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Posts Tagged ‘women’s body image’

Demi's Missing Hip, Madonna's 'Ageless' Face, Crystal's Rolls: Newsweek's Gallery Of Re-Touched Women

In Media, women on January 27, 2010 at 10:22 am
Heideprinzesschen (Heathland Princess) by Frit...

A little young, but, you never know...Image via Wikipedia

Read this and weep — or snicker. But don’t compare your butt, thighs, crow’s feet or cellulite to theirs. They don’t have any!

For any woman, and her daughter(s) or younger female friends, who looks at magazine photos of “perfect” faces and bodies and despairs, buck up. It’s all about the re-touching. Lots of bright lighting and some Botox and great make-up all help, but nothing can beat a techno-fix after the photos have been shot. Any woman who miserably compares her real-life body and skin to the fake flawlessness of the images shoved at her daily in every medium is asking for trouble: plastic surgery, anorexia, bulimia, dieting. Misery.

Trying to attain the literally unattainable means billions in profit for the manufacturers of fake boobs, cosmetic procedures and products, diet companies, gyms. Women trying to look “just like” the women shown to us in ads and editorial images are trying to scale a greasy pole. It simply won’t work.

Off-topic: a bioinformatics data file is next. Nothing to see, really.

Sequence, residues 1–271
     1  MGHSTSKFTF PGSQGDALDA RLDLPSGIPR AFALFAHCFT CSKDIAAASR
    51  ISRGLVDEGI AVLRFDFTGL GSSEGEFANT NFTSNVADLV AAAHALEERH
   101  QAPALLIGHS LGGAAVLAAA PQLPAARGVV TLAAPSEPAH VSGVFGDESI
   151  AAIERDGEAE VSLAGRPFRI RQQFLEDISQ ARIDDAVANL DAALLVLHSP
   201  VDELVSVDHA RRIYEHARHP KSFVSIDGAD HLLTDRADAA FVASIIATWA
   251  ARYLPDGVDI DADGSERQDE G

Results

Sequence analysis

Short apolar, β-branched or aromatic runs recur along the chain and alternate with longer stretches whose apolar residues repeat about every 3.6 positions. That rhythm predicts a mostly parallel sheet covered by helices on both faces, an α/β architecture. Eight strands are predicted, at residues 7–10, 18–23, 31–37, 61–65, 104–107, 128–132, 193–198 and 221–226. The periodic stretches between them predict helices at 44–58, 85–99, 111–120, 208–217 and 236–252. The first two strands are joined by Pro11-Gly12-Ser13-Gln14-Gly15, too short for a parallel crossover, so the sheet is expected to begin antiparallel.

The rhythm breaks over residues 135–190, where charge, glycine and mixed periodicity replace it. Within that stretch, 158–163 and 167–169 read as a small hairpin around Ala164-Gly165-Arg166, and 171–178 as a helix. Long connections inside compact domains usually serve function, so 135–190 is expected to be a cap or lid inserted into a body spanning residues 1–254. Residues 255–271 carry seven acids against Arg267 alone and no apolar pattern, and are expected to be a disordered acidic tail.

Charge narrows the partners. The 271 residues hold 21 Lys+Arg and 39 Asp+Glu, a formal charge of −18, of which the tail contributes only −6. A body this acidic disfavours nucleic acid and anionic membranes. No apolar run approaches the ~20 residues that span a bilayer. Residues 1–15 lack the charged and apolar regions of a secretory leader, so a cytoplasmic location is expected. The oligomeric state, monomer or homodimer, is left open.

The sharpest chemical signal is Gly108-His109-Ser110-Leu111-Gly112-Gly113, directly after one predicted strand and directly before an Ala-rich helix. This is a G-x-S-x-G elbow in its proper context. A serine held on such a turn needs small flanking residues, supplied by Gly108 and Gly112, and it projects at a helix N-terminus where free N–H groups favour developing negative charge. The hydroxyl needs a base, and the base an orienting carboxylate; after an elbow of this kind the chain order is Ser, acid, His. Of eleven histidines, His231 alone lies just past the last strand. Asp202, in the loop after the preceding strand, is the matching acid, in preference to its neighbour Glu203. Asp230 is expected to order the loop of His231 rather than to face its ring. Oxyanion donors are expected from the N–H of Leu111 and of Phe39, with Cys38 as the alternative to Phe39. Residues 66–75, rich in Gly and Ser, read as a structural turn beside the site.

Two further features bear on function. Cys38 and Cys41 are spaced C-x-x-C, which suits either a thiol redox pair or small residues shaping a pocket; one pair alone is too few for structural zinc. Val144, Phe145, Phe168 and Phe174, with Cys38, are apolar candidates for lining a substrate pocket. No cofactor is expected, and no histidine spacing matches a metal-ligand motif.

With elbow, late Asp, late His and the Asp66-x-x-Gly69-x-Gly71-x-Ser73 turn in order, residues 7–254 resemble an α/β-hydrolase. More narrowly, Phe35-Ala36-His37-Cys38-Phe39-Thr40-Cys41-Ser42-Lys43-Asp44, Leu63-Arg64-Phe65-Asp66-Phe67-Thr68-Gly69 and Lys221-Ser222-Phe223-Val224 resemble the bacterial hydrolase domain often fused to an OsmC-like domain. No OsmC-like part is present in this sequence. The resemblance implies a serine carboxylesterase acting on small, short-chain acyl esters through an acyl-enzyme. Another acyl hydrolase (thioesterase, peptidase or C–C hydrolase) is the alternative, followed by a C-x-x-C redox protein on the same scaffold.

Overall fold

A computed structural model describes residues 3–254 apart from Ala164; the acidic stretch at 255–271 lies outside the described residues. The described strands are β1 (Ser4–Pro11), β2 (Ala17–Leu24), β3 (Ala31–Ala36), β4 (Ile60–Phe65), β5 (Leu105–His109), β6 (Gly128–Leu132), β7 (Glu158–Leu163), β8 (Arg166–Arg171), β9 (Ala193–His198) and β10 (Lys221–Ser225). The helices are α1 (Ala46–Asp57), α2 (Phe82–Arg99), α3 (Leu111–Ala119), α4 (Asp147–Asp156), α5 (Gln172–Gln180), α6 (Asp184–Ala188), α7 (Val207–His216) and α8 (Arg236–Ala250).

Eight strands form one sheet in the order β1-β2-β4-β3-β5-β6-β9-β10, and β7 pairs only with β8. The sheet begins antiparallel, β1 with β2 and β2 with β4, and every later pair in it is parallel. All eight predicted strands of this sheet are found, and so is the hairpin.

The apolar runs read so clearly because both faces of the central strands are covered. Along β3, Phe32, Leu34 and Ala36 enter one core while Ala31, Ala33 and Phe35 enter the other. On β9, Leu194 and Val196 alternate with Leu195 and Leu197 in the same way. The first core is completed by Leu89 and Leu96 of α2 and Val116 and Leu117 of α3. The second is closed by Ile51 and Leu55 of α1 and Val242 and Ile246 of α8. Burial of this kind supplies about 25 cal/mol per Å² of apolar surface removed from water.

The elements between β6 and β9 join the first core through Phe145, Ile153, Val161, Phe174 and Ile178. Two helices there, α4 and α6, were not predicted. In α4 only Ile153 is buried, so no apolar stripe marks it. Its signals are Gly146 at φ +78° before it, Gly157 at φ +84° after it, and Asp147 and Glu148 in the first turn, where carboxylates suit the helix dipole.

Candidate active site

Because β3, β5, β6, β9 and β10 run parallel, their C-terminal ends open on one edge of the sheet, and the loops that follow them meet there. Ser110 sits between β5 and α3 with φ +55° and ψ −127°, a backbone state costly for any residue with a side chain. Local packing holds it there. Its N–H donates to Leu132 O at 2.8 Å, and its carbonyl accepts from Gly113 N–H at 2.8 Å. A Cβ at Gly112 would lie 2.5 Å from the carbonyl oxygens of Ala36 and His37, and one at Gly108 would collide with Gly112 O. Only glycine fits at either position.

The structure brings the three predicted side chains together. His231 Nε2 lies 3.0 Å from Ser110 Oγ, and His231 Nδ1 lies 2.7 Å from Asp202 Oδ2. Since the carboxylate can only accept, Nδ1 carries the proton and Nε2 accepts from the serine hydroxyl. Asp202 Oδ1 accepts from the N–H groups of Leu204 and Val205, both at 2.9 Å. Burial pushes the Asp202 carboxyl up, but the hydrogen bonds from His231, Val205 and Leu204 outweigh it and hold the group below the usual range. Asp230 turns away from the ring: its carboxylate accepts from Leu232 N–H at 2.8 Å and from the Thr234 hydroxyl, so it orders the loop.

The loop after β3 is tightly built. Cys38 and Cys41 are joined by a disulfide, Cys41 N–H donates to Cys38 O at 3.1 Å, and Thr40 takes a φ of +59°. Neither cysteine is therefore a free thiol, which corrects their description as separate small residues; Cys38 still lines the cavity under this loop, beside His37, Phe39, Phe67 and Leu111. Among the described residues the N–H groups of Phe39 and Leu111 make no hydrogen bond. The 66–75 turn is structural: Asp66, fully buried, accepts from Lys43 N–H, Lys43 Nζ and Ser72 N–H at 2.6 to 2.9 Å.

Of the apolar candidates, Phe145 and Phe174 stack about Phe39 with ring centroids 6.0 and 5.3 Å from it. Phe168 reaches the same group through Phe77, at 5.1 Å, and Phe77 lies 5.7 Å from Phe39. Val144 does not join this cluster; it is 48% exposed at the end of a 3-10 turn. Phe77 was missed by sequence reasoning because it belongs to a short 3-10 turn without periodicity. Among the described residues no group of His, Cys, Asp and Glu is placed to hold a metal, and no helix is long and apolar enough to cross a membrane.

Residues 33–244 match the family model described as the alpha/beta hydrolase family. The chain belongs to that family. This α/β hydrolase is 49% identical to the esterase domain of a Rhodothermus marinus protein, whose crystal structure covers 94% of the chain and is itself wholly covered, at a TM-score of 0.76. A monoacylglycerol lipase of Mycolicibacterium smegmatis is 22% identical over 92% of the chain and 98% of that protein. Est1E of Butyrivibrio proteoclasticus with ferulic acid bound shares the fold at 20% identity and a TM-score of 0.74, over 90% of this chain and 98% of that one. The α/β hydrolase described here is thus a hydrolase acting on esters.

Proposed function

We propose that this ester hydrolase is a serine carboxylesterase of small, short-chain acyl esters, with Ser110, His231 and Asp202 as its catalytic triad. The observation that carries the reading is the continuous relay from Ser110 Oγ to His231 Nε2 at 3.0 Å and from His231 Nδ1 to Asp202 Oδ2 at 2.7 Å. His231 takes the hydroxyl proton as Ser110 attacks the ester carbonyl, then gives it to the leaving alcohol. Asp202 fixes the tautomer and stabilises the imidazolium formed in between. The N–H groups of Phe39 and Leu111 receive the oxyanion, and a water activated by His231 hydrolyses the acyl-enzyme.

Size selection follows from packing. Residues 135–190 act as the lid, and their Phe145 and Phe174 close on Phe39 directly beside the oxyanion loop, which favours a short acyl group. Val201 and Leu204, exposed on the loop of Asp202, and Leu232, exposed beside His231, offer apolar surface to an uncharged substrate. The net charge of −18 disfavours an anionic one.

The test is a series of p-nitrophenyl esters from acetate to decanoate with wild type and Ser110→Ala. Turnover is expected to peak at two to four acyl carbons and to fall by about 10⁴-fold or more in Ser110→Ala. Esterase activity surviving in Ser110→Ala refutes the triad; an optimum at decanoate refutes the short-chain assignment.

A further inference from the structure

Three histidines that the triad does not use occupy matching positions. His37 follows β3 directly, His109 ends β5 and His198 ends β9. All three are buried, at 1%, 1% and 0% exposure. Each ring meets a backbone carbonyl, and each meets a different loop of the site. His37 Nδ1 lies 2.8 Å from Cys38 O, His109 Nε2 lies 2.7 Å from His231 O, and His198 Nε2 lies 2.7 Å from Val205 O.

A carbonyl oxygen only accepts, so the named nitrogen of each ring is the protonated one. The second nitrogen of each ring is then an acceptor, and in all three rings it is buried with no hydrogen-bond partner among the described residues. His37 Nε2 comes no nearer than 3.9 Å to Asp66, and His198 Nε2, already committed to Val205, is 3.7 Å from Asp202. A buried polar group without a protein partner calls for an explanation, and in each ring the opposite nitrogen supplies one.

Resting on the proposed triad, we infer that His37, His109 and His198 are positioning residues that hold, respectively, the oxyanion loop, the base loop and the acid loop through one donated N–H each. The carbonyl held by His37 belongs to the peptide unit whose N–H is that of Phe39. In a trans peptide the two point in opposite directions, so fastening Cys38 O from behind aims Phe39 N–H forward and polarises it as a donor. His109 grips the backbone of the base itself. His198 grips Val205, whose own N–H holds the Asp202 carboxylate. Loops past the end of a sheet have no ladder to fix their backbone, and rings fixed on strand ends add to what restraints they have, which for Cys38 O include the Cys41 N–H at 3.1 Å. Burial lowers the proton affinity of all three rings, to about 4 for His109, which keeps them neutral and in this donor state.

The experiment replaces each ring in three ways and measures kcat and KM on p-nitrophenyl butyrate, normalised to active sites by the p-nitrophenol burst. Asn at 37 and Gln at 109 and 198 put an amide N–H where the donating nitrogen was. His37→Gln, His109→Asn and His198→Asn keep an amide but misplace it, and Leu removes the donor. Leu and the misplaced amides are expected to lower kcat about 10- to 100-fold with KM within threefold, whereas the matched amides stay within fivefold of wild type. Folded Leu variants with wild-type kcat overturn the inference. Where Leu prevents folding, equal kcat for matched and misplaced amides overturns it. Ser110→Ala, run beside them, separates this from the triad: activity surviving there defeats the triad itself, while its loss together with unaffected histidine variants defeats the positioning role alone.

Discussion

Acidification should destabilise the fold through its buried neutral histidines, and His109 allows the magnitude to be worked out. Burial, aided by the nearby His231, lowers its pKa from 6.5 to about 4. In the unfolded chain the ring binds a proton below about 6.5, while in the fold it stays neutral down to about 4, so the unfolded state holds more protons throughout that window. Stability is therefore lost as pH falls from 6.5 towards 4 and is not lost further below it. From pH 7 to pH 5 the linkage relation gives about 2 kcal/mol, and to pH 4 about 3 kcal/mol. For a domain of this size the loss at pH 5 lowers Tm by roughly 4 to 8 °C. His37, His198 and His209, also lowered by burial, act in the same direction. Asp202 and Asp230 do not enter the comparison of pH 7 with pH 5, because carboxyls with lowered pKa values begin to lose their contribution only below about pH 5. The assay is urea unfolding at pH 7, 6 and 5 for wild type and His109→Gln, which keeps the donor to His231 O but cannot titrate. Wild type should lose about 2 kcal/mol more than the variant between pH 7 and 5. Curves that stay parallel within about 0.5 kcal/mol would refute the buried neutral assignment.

I attended a social event last night and wondered who the hhhhhottie in the black sequined T-shirt, thigh-high boots and skinny jeans might be. She had honey blond hair and looked stunning. It was a woman I’ve known for many years, but who I met when she weighed — as she told me last night — 90 pounds more. She was always, one could tell, beautiful. Now she’s slim, confident and — as the French say, bien dans sa peau (literally “happy in her skin”) — as much for her pride in beating back her food-related demons as re-discovering the pleasure of easily dressing well and enjoying her corporeal self.

I asked how she did it: a full year of meal replacements (2 shakes, 2 energy bars and 1 meal a day) and re-thinking what food means to her. I  need to lose weight and find the endless drama of that tedious, boring, frustrating and sometimes just overwhelming on top of my many other priorities.

Hard work, discipline, self-awareness, she said, without using those words. The basic tools we all know, deep down, rarely change in this regard.

Not re-touching.

Designer Labia? Count Me Out, Boys

In Medicine, women on November 12, 2009 at 11:24 am
Doctors conduct a vagina surgery on a patient ...
Is this really the place for a scalpel? Image by AFP/Getty Images via Daylife

British women are lining up to nip and tuck their lady parts, reports the BBC. The surgery, performed to make the labia, the external vaginal lips, more attractive isn’t new, but last year saw a 70 percent jump in its popularity. Labiaplasty (warning, graphic photo attached), is done for a combination of aesthetic and functional reasons, surgeons say. It’s increasingly popular worldwide, sorry to say.

One doctor tells the BBC: